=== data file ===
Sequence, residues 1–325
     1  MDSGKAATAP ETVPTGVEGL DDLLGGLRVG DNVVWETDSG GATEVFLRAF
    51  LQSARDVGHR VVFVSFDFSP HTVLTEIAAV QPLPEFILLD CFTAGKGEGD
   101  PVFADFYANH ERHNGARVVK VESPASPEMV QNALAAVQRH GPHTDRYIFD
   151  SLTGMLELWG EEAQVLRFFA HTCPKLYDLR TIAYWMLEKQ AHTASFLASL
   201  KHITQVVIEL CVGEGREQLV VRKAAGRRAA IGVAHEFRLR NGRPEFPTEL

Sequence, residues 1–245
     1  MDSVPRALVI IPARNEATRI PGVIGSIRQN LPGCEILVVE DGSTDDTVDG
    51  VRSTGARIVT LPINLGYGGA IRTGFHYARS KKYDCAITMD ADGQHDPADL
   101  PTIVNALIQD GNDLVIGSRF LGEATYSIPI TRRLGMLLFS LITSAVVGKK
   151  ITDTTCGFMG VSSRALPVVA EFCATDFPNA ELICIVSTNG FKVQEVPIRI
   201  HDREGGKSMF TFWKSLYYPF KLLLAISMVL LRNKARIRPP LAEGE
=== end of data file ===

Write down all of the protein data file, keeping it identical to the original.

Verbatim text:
Sequence, residues 1–325
     1  MDSGKAATAP ETVPTGVEGL DDLLGGLRVG DNVVWETDSG GATEVFLRAF
    51  LQSARDVGHR VVFVSFDFSP HTVLTEIAAV QPLPEFILLD CFTAGKGEGD
   101  PVFADFYANH ERHNGARVVK VESPASPEMV QNALAAVQRH GPHTDRYIFD
   151  SLTGMLELWG EEAQVLRFFA HTCPKLYDLR TIAYWMLEKQ AHTASFLASL
   201  KHITQVVIEL CVGEGREQLV VRKAAGRRAA IGVAHEFRLR NGRPEFPTEL

Sequence, residues 1–245
     1  MDSVPRALVI IPARNEATRI PGVIGSIRQN LPGCEILVVE DGSTDDTVDG
    51  VRSTGARIVT LPINLGYGGA IRTGFHYARS KKYDCAITMD ADGQHDPADL
   101  PTIVNALIQD GNDLVIGSRF LGEATYSIPI TRRLGMLLFS LITSAVVGKK
   151  ITDTTCGFMG VSSRALPVVA EFCATDFPNA ELICIVSTNG FKVQEVPIRI
   201  HDREGGKSMF TFWKSLYYPF KLLLAISMVL LRNKARIRPP LAEGE